Reading is certainly faster then listening, and this really matters, even for those who read linearly and do not use the simplest processing of text “scanning”. This does not oppose the slower writing then speaking, since the necessity allows for polish and deep.

  19. m___ says:
    @Anatoly Karlin

    All true, but in our fallen world, it seems videos have innately better reach.

    All true, in the name of popularization. Does popularization do what exactly, does it extract hidden talented individuals of an otherwise insignificant life, does the impact they then can have on their immediate flat leveled near environment matter? Or is there any hope, that popularized content serves anything else then infusing fire-hose interested concepts on the masses?

    The answer to the first, as an initial stage of incentivizing, could be yes. The second concept, bringing general comprehension up some points definitely seems contradicted by far dumber environmental experiments(Syria, Novichok).

    As to reaching out to outliers, individuals that for a multitude of reasons, their poor environment, by circumstance poor formal education, time to maturity, other external pressures(earning a living by base employment), anything that was left out by “meritocracy”, testosterone and youth for that matter, would the big hurdle to development not be tearing down the paying firewall between quality content and stoppage to references of conventional sources of knowledge only, both. Your friend Emil O. W. Kirkegaard is an example of stating openly the concept of the latter.

    It is pityful to see the association mostly between “public” and “intellectual”. It mostly means the interpreter is not so much pressured by the cognitive capacity of his public then by the pressures to follow and trace the directives of conventionality and de facto power elites.

  20. dearieme says:
    @FKA Max

    I ain’t Doc T, but here’s my tuppence worth on Burt.

    (i) It is alleged that he lost much of his data in a bombing raid on London and thereafter faked his evidence. I don’t know this to be true but I’ve no particular reason to doubt it.

    (ii) During the attack on Burt over this matter, one major accusation was that he faked the existence of two female research assistants. Long ago I knew a young research assistant who worked for an older man, a psychologist of that era who was familiar with Burt and his work. He told her that he had himself met one of those allegedly non-existent assistants of Burt, so that the knew the accusation to be at least 50% false. She asked him whether he was going to make his evidence public. He explained that he’d be mad to do so since he would then be subjected to intense bullying.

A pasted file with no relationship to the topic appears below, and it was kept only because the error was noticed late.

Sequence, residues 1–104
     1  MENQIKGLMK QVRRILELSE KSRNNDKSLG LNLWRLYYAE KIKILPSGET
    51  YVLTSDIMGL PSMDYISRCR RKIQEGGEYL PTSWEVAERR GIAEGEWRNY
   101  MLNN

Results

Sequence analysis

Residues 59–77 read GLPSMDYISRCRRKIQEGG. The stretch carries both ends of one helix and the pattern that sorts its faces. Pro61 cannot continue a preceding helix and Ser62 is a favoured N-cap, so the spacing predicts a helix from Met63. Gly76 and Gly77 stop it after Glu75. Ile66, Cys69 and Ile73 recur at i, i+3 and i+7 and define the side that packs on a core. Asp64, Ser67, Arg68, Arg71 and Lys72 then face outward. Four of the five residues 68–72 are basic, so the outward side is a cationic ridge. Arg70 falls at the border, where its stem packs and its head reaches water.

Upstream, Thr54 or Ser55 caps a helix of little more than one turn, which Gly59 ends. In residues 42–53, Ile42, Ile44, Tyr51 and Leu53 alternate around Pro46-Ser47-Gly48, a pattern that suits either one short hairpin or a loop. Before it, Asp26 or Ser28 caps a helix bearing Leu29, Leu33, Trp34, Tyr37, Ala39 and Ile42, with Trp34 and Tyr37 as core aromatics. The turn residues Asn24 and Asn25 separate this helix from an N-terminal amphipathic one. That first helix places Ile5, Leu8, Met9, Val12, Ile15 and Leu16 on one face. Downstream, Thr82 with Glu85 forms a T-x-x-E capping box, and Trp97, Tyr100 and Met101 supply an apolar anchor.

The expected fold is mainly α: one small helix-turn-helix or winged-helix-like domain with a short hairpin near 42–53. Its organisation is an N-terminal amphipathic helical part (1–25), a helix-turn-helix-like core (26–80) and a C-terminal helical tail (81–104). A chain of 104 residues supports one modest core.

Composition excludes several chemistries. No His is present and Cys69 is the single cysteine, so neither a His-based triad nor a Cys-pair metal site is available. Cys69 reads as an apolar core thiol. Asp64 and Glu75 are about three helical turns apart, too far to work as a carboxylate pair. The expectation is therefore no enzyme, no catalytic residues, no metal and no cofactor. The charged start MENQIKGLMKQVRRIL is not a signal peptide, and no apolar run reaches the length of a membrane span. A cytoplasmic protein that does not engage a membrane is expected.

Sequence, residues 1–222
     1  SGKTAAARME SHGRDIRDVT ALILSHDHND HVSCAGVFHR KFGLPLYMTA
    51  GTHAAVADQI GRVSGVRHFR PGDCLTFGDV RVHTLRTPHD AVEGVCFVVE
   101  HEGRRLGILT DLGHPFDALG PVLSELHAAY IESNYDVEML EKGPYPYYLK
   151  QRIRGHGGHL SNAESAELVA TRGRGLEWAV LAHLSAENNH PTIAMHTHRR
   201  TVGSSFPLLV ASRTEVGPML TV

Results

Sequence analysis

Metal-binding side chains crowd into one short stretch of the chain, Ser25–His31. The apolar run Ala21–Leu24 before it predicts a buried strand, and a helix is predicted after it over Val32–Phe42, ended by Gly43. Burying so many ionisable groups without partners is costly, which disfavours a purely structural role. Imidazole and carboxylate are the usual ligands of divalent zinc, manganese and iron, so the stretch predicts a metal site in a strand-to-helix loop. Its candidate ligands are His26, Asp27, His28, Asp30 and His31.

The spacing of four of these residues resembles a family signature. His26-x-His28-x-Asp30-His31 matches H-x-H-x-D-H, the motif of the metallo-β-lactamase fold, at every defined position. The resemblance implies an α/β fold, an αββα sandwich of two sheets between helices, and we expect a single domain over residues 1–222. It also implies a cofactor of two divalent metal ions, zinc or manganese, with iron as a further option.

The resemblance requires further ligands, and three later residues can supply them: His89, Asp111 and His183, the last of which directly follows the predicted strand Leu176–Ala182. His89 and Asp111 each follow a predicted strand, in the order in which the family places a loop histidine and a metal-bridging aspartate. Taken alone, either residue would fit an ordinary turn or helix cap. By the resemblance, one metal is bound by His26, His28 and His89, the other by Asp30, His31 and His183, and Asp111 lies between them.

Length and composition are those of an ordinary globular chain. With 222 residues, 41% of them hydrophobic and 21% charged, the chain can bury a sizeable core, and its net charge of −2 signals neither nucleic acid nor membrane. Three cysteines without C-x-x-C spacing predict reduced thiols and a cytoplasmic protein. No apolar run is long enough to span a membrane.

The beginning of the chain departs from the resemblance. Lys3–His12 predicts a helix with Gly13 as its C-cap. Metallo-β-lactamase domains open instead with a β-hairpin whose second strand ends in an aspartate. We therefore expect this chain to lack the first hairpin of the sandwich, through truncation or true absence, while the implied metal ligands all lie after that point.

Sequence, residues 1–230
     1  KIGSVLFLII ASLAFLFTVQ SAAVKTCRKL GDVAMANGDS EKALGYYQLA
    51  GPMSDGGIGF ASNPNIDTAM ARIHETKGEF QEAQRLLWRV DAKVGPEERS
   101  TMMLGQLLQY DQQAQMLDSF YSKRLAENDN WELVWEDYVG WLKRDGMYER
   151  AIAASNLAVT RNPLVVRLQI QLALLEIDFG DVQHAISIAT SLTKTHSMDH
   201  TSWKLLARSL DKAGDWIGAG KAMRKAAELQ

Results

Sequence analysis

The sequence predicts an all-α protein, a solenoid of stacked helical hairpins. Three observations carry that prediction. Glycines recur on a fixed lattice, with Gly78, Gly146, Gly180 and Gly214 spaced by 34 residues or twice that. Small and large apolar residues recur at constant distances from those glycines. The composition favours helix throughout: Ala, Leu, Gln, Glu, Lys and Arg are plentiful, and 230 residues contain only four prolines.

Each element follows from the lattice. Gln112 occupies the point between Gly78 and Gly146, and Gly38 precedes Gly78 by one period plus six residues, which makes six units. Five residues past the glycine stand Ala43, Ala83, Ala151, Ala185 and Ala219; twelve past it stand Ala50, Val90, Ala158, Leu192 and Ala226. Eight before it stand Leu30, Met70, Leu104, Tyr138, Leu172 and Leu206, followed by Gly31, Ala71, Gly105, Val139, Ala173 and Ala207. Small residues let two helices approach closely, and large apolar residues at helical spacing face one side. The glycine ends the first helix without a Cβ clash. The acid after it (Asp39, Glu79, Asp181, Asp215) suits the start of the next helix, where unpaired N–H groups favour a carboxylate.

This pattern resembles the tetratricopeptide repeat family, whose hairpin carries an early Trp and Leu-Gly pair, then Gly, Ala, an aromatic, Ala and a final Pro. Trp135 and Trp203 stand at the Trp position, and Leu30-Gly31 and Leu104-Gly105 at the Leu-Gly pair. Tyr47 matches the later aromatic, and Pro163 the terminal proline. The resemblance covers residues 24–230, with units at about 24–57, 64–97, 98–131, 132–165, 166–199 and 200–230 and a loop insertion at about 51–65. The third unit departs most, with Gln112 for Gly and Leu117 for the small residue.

• Replies: @FKA Max
  21. @FKA Max

    The best sources of data on the distribution of intelligence are entire populations samples. Ian Deary and the team in Edinburgh have very good data on these distributions. I would leave Burt out of it.

    • Replies: @FKA Max
    , @FKA Max
  22. FKA Max says:
    @James Thompson

    Thank you very much, and to dearieme, too.

  23. FKA Max says:

    He explained that he’d be mad to do so since he would then be subjected to intense bullying.

    Just found a great article on the topic:

    Biased Tidings
    The Media and the Cyril Burt Controversy
    by Kevin Lamb
    The Mankind Quarterly, Winter 1992, pp. 203-226

    Alternative links:

    Link: Archived link:

    After accounting for typographical errors and misprints, the basis for assuming that Burt forged his data is the repetition of a few correlations in which the sample size increased but the resulting correlations remain the same. From 1943 to 1966 Burt reported a correlation of .77 and .771 for the IQs of identical (monozygotic) twins reared apart. What Kamin and others point to as evidence of fraud is the fact that this correlation remains constant even though the sample size increased from 15 in 1943 to 53 in 1966. Jensen noted an interesting pattern that emerges when he recently compared Burt’s data with the findings from four major twin studies: the Newman, Freeman and Holzinger study of 1937; the 1962 study by Shields; the Bouchard, Lykken, McGue, Segal & Tellegen study of 1990; and a 1992 study by Pedersen, Plorain, Nesselroade and McClearn. Jensen elaborated on the results during an invited address before the American Psychological Association’s August 1992 convention: